Indeed, the answer to the ‘why now?’ question is an interesting one. In the New Zealand case the impetus towards aid transparency does not seem to have been born of the domestic political sphere. Judging by the way he responds to requests for information filed under the Official Information Act (New Zealand’s equivalent to Australia’s Freedom of Information Law) the Minister currently in charge of the New Zealand Aid Programme, Murray McCully, is not in favour of transparency. To give an example, on 24 August 2011 Jo Spratt (Coordinator of New Zealand aid think tank NZADDs, and also my wife) placed an Official Information Act request to find out the dates on which Minister McCully had signed off high level aid programme funding allocations. She did this because it was rumoured that delays in Minsterial sign off were impeding aid programme planning. My wife’s request reached the Minister’s Office on 1 September 2011. The legal deadline for Official Information Act requests in New Zealand is 20 working days. In May 2012, when a response to the request was 150 days overdue, my wife complained to the New Zealand Government Ombudsman, which finally prompted a reply from the Minister. Part of the reason for the delayed response may have been MFAT misinterpreting New Zealand rules on the time allowed for replies to OIAs and advising the Minister’s office accordingly. However, even this charitable interpretation of events can’t explain the entire duration of the wait nor the fact that it took a complaint to the Ombudsman to elicit the data. What is more, when the reply from the Minister’s Office finally came, it did not contain the information requested. Jo has complained to the Ombudsman again and is awaiting a further response, more than a year after making her request. Stalling of this sort is not out of character for Minister McCully. Therefore I think it is fair to assume that he is not the source of increased New Zealand aid transparency.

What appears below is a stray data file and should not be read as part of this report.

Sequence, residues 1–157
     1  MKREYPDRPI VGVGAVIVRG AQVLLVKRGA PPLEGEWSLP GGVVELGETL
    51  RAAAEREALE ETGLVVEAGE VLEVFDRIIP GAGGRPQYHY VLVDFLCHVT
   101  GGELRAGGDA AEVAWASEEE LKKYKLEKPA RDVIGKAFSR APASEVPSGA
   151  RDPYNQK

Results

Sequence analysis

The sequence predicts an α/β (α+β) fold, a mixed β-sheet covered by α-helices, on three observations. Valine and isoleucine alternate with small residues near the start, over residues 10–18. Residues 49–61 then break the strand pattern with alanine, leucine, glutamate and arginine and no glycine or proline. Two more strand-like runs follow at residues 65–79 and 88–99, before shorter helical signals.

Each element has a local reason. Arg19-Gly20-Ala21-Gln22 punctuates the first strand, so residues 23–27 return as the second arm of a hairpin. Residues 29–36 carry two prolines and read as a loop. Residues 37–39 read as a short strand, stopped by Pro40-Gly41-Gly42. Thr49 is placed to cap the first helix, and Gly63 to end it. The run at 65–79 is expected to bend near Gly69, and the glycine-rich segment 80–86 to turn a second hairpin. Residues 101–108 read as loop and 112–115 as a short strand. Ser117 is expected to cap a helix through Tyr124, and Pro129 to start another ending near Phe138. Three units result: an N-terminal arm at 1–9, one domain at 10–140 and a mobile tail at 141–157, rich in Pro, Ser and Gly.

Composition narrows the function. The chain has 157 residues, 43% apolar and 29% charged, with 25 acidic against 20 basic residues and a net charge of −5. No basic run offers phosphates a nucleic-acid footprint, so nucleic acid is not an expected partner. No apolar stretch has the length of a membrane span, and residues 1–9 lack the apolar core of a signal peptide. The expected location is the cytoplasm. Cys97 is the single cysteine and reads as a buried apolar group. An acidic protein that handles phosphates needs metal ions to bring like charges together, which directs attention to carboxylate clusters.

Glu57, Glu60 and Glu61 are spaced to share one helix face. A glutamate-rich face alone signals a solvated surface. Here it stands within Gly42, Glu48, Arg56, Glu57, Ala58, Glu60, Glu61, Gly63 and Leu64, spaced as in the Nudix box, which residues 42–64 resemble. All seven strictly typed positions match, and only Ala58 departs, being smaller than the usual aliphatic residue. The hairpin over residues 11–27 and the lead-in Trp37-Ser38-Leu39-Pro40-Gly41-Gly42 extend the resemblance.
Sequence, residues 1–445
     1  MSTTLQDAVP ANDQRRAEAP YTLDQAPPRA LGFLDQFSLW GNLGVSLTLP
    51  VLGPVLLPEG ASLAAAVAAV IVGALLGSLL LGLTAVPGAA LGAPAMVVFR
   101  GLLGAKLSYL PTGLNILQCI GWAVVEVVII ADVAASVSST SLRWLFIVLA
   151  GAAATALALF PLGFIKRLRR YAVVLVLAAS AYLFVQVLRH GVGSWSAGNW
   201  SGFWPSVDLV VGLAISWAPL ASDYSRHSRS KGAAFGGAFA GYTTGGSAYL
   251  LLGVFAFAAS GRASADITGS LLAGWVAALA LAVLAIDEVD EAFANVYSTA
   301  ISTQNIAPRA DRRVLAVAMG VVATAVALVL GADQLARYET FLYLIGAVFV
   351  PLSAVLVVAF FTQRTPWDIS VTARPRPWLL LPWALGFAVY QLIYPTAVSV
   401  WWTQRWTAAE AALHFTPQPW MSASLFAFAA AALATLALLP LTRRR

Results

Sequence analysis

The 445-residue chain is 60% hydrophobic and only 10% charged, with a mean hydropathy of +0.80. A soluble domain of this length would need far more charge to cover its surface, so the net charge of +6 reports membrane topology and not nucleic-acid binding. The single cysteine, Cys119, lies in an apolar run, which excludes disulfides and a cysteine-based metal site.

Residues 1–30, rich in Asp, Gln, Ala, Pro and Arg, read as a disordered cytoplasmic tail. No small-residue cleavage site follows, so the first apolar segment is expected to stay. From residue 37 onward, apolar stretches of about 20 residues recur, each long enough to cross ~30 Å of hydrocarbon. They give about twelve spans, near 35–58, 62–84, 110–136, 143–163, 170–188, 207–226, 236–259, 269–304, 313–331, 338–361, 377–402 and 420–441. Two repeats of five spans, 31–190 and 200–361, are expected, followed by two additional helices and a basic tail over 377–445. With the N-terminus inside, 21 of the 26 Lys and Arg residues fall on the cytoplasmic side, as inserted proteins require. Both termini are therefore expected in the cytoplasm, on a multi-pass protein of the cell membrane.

Instead, as best I can tell, the impetus to increased aid transparency in New Zealand has come from international developments. Aid transparency campaigners have influenced beliefs in the international arena of aid which have filtered down to the staff of national aid agencies. Aid agency staff want to do a good job, and the idea that transparent aid is good aid has been made convincingly in the international fora that aid agency staff frequent. And this, I think, is why there is a trend towards increased aid transparency. It is an interesting example of international collective action shaping domestic policy. The PhD student in me would love to have time to study the phenomenon more. In the meantime though, the aid-concerned taxpayer in me is just happy that our aid is becoming more transparent, regardless of the cause.

Let us hope this continues.

Terence Wood is a PhD student in the State Society and Governance in Melanesia Programme at ANU. Prior to commencing study he worked for the New Zealand government aid program.

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Terence Wood

Terence Wood is a Fellow at the Development Policy Centre. His research focuses on political governance in Western Melanesia, and Australian and New Zealand aid.